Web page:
23 JUMP_ABSOLUTE           10
         >>   26 RETURN_VALUE

So [x for x in range(10)] is shorthand for:

   def _f(itr):
       _[1] = []
       for x in itr:
       return _[1]
   expr_result = _f(range(10))

{x for x in range(10)} is shorthand for:

   def _f(itr):
       _[1] = set()
       for x in itr:
       return _[1]
   expr_result = _f(range(10))

And {x:x*x for x in range(10)} is shorthand for:

   def _f(itr):
       _[1] = {}
       for x in itr:
           _[1][x] = x*x
       return _[1]
   expr_result = _f(range(10))

While (x for x in range(10)) continues to be shorthand for:

   def _g(itr):
       for x in itr:
         yield x
   expr_result = _g(range(10))

It all looks simple, consistent and pretty straightforward to me. If pdb 
doesn't understand it, then it may be a good idea for someone to teach 
pdb what a disassembled comprehension looks like in Py3k.

Those expansions should also make it clear why this change actually 
results in a speed increase of module and class level list 
comprehensions above a certain size - the iteration variables become 
function locals, so they benefit from function local speedups. The exact 
point where the speedup from that is greater than the cost of a single 
function call will vary based on the complexity of the body of the list 
comprehension (most notable the number of times the iteration variables 
are referred to).

$ ./python -m timeit "exec('[x*x for x in range(100)]')"
10000 loops, best of 3: 125 usec per loop
$ python -m timeit "exec '[x*x for x in range(100)]'"
10000 loops, best of 3: 121 usec per loop
$ ./python -m timeit "exec('[x*x for x in range(1000)]')"
1000 loops, best of 3: 418 usec per loop
$ python -m timeit "exec '[x*x for x in range(1000)]'"
1000 loops, best of 3: 723 usec per loop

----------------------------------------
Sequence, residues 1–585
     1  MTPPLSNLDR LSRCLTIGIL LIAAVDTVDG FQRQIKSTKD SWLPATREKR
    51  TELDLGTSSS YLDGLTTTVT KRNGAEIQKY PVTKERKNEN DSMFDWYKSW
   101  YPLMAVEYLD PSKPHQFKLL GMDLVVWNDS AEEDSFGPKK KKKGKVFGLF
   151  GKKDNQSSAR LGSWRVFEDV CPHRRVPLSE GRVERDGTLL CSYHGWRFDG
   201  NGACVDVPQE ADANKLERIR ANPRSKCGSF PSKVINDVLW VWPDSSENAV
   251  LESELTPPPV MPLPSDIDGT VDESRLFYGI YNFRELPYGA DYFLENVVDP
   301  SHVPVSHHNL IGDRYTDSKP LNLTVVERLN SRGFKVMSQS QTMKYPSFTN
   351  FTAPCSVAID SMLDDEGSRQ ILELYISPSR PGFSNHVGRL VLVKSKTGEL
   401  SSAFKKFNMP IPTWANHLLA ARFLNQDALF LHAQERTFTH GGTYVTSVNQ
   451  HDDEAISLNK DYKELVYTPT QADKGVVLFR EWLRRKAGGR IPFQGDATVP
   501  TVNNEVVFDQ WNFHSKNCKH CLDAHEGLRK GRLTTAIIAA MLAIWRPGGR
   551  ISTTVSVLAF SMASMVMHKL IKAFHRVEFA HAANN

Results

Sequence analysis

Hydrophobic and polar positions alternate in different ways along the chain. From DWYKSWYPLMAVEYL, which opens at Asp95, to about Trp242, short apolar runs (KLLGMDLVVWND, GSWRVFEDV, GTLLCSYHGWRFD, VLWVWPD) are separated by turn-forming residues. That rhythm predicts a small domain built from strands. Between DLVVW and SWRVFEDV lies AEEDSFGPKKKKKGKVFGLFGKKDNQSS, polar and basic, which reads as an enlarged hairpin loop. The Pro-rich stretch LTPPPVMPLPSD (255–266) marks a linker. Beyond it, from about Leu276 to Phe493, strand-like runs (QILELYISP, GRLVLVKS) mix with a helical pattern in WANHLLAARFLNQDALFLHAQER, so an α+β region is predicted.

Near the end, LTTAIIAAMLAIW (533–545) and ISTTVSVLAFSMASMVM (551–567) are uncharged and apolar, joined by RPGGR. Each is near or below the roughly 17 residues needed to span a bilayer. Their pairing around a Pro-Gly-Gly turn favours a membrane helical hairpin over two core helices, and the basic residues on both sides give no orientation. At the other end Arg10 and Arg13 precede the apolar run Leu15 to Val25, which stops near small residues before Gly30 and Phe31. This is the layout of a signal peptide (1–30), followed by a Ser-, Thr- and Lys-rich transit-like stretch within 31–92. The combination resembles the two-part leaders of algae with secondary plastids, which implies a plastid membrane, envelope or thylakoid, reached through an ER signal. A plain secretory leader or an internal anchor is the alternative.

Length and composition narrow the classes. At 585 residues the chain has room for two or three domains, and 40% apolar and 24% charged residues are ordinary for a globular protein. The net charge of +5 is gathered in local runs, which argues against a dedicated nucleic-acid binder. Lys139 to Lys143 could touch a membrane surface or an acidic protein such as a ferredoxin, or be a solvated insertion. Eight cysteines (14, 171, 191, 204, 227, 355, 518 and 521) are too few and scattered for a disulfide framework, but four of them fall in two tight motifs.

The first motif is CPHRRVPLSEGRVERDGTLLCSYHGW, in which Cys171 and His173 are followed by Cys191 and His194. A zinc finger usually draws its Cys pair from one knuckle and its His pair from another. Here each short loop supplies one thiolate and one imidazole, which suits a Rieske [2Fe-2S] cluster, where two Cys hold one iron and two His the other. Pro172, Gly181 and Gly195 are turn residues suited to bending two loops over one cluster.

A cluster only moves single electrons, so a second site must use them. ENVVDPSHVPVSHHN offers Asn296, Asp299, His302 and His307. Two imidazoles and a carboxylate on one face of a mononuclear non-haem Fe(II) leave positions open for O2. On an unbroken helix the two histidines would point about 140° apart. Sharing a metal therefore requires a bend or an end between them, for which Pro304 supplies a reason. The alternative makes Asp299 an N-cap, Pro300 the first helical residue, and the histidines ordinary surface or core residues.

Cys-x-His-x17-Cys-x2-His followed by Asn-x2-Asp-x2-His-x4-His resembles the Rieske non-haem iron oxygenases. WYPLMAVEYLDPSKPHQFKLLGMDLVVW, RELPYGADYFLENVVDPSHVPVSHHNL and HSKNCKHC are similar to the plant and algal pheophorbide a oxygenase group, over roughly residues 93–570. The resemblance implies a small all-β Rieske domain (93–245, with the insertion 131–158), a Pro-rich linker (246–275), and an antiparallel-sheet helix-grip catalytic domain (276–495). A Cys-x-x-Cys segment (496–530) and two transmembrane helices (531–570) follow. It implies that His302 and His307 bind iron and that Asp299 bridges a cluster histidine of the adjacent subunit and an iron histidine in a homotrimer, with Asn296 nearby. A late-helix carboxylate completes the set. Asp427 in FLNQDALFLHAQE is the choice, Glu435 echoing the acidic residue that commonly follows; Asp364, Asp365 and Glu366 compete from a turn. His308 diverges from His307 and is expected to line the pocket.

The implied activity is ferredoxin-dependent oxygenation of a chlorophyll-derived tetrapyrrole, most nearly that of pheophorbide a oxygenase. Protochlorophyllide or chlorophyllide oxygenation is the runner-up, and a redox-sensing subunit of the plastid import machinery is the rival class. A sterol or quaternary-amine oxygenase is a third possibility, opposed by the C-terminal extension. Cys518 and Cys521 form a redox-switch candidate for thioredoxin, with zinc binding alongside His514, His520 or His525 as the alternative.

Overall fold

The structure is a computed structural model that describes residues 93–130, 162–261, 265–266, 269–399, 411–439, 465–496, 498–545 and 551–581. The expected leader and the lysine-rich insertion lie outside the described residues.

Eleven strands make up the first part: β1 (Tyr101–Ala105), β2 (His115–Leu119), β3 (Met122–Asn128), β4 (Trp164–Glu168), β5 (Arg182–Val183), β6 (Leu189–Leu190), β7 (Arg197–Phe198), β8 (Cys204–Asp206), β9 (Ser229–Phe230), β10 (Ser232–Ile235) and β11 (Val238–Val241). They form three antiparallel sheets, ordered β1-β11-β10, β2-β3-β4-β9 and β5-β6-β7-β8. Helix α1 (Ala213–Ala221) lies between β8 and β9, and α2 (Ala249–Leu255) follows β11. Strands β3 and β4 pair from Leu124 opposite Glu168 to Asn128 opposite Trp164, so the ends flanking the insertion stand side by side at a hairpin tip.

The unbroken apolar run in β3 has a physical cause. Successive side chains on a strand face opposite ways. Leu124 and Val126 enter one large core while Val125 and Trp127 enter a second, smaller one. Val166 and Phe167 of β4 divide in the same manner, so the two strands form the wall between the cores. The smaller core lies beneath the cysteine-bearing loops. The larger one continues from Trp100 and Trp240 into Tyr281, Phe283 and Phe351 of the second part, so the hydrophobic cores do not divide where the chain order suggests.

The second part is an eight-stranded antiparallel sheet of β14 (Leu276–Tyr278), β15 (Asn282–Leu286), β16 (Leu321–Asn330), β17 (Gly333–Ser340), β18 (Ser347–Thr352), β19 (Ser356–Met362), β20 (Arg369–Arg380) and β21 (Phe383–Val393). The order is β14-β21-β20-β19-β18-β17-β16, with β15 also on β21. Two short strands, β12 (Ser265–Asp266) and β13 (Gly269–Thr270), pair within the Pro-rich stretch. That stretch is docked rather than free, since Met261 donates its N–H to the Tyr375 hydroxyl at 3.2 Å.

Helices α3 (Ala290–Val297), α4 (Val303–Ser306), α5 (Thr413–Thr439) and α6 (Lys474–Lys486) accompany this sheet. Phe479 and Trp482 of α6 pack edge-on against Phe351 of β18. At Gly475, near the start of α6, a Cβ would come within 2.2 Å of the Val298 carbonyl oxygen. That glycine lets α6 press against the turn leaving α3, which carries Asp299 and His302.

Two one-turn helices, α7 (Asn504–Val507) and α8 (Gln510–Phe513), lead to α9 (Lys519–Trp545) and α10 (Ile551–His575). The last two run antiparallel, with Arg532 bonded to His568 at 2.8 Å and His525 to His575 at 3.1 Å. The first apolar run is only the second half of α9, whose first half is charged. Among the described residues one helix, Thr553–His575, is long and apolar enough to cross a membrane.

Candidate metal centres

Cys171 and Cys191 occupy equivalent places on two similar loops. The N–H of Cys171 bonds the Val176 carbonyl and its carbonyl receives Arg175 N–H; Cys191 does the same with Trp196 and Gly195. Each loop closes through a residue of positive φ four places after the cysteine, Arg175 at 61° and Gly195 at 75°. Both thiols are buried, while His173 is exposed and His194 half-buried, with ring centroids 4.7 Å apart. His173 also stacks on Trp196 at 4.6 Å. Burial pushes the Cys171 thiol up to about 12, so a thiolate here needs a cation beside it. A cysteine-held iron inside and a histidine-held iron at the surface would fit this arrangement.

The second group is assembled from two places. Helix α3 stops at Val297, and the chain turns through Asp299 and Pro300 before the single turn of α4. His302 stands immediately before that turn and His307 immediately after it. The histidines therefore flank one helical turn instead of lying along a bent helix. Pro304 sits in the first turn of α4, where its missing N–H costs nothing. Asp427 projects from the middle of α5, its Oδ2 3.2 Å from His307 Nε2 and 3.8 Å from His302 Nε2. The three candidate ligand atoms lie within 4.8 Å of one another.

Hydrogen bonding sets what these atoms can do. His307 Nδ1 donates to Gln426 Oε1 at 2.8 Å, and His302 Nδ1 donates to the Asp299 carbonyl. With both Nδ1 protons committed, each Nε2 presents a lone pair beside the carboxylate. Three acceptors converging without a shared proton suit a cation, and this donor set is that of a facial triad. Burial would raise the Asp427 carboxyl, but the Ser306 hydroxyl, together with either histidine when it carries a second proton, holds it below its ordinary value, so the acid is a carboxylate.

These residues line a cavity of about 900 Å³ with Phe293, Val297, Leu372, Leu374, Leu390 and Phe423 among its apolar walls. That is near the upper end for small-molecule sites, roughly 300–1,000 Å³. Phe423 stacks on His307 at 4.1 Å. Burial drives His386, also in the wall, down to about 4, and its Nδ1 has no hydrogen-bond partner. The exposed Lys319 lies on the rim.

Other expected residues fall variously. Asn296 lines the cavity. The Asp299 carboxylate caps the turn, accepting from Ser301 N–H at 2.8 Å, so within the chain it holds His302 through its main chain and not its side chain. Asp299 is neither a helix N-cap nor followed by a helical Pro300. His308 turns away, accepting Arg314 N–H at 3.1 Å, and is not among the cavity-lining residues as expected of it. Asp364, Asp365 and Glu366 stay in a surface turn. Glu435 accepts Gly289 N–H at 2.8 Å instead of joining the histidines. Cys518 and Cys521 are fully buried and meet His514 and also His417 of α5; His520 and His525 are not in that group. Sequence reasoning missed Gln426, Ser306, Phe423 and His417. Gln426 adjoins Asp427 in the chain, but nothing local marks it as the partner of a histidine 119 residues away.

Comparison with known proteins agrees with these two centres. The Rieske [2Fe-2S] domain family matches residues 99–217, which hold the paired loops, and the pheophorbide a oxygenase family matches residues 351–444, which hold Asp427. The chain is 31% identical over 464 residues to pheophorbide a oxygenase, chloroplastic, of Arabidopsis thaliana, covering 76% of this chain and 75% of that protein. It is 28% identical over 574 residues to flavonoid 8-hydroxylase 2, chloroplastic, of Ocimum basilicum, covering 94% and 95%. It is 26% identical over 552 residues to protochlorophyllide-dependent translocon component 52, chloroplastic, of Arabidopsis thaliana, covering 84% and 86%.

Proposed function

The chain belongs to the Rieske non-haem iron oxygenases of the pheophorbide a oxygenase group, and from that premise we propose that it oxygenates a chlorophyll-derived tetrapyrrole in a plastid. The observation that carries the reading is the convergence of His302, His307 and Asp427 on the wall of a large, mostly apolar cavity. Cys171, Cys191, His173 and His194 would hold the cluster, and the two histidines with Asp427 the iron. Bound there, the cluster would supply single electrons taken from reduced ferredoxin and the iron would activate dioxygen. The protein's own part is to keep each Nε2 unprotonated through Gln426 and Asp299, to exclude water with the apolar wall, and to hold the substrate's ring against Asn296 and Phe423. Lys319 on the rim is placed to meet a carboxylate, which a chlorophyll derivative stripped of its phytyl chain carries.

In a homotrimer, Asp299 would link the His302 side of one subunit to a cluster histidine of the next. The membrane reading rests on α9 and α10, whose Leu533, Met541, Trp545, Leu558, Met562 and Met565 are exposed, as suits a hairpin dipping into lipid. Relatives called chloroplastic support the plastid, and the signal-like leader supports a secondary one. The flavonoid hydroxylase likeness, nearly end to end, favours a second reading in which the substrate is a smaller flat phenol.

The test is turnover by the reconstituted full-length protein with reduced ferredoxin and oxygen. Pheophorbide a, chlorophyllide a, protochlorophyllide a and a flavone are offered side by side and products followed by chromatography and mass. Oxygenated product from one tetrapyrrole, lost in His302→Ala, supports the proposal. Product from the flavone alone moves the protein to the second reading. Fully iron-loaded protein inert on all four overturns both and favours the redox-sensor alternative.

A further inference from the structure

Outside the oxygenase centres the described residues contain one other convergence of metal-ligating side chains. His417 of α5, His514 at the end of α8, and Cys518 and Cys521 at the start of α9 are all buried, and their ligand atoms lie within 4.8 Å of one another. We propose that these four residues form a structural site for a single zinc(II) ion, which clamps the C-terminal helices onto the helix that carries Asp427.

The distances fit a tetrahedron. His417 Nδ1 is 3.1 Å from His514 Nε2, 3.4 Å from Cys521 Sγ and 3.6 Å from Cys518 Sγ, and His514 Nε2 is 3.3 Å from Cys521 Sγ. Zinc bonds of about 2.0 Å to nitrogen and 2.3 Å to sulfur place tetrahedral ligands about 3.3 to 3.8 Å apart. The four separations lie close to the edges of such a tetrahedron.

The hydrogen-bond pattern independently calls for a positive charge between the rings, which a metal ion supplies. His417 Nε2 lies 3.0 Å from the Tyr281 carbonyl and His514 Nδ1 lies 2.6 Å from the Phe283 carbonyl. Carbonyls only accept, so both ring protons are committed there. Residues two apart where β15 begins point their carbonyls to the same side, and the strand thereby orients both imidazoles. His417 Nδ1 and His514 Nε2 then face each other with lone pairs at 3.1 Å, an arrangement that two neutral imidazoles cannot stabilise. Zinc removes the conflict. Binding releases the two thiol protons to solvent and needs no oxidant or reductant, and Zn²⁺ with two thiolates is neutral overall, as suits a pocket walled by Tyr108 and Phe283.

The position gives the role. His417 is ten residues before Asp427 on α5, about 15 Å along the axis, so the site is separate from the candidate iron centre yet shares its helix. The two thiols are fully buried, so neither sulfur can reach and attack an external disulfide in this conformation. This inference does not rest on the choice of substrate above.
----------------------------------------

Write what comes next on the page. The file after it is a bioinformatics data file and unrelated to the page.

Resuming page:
(exec is used in the above examples because the timeit module otherwise 
runs all supplied code in a function scope, so the speedup in Py3k list 
comprehensions isn't visible. The version of Python in the local 
directory is a fairly up to date build from the Py3k branch, the system 
Python is 2.5.1)

 > (we should be able to explain those in terms of an equivalent
 > in-lined for-loop with the loop variable restricted to the scope of
 > the loop).

That only sounds reasonable until you try to get the following two 
pieces of code to produce the same answer (example lifted from 

def test_func_listcomp():
     items = [(lambda: i) for i in range(5)]
     i = 20
     return [x() for x in items]

def test_func_genexp():
     items = list((lambda: i) for i in range(5))
     i = 20
     return [x() for x in items]

In current Py3k, they do produce the same answer ([4]*5) and in current 
2.x they produce different, but sensible answers ([20]*5 for the list 
comprehension, [4]*5 for the generator expression).

With the "just hide the iteration variable" approach it is highly 
unclear what the list comprehension version should produce.


Nick Coghlan   |   ncoghlan at gmail.com   |   Brisbane, Australia